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Can the incline of the side of the road affect the starting ability of our cars? Some of the roads in Alameda have very steep cambers where they make the car lean -a lot- to the passenger side.
 

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Can the incline of the side of the road affect the starting ability of our cars? Some of the roads in Alameda have very steep cambers where they make the car lean -a lot- to the passenger side.
Looking at twin SU HS6 carbs they do indeed depend on gravity for proper functioning and USD would not function at all.

BTAIM, most carb-related (only) hot start problems imply too-lean settings and/or improper float bowl adjustment (assuming the fuel pump is ok).

On the next hot start attempt try this - all accessories/lights/etc. OFF, trans in N, clutch on the floor, choke fully disengaged and gas pedal hard to the floor.

Engage the starter in 5-10 second bursts but do not lift the gas pedal.

When the engine makes the first effort to start keep the starter engaged and the pedal on the floor.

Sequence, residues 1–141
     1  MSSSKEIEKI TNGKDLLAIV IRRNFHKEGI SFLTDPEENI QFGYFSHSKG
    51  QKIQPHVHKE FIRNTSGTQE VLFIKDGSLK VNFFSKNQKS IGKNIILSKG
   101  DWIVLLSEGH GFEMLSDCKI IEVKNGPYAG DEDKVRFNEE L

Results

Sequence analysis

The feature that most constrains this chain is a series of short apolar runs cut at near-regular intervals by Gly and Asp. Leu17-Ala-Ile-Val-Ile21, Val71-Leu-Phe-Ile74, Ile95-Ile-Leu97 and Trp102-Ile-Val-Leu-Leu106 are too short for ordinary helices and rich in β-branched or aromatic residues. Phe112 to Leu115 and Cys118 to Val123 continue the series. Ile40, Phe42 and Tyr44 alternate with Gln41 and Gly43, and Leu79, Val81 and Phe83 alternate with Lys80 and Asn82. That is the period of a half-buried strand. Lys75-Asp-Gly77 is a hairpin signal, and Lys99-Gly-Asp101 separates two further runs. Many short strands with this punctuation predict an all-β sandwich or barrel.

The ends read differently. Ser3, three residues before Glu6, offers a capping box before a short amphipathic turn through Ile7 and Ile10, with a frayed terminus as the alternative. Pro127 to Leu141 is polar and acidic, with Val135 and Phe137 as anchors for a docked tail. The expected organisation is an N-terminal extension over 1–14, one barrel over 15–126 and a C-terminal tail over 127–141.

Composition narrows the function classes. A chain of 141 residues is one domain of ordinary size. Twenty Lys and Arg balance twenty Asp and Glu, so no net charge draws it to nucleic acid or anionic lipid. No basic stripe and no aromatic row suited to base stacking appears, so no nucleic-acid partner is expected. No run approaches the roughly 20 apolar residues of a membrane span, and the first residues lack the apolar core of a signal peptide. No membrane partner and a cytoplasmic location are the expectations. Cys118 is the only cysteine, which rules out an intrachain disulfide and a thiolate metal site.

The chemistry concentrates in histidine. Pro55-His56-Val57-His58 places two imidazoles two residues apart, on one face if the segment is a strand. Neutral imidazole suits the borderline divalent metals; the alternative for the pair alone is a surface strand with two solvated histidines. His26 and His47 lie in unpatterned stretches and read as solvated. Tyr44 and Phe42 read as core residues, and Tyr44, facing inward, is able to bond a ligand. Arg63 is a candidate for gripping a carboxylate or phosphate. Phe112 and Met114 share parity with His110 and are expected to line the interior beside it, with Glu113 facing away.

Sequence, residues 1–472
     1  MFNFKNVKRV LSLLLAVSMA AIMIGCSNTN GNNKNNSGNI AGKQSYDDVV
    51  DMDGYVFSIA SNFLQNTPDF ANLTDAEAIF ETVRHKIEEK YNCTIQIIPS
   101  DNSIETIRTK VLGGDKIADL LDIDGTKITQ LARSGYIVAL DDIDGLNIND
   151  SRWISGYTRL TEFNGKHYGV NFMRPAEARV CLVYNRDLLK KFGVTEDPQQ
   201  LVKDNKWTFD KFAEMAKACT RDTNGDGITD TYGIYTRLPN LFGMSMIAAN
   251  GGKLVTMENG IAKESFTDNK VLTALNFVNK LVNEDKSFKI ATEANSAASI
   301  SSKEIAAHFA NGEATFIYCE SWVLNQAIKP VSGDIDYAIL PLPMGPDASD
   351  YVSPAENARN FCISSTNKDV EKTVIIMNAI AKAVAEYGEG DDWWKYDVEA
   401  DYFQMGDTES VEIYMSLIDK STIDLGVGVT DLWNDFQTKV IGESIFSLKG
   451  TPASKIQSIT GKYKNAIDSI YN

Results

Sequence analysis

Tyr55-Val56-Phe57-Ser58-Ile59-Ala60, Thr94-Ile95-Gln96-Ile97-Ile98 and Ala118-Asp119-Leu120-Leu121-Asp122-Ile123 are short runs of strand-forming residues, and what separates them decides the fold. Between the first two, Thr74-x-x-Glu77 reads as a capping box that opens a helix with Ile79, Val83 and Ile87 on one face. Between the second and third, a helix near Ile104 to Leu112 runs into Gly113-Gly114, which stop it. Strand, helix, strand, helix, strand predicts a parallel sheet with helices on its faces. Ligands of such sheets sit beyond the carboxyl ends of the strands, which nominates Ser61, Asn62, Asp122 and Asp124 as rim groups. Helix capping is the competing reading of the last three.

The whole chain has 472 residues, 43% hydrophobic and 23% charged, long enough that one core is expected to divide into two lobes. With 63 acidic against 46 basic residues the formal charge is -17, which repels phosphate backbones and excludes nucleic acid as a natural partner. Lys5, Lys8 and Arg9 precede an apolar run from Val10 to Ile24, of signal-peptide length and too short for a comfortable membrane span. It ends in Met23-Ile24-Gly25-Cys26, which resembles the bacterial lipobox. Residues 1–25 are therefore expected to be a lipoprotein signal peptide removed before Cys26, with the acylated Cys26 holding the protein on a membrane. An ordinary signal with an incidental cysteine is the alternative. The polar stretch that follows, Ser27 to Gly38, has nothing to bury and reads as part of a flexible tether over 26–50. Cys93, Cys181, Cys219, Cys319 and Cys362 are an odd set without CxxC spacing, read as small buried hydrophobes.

As the engine catches up to the starter's revolutions disengage the starter while working the gas pedal to clear the carbs as the engine gains full operation.

Another hot start option is to richen each carb about six flats then re-adjust with the engine running.

Heyyyy! - how about running 225-95-15s on the right and 155-25-15s on the left?!

George Dill
 

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George, I would think that a hot start problem is more likely related to rich operation, not lean. In which case, I would agree with you that holding the gas pedal to the floor is the best approach ... But if the problem was lean, it would be the opposite, or a little choke ...
 

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Bikeymikey -

Is it only when the car is leaning, or does it happen on the flat as well? If the latter, could be the battery cable to the starter is getting too hot and losing conductivity. How close is it routed to the exhaust manifold?

Phil in nearby Berkeley
 

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Bikeymikey -

Is it only when the car is leaning, or does it happen on the flat as well? If the latter, could be the battery cable to the starter is getting too hot and losing conductivity. How close is it routed to the exhaust manifold?

Phil in nearby Berkeley
It will probably happen regardless of the grade that your car is on. It's just a characteristic of carbed vehicles. When you cut it off, it's going to momentarily get warmer in the engine bay. If you attempt to restart after a short while, it's still going to be hot and need more fuel to fire up. I wouldn't say this means anything is wrong with your car. It's just something you live with. No computer in there telling something to put a certain amount of fuel in a certain place.
 

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Discussion Starter #6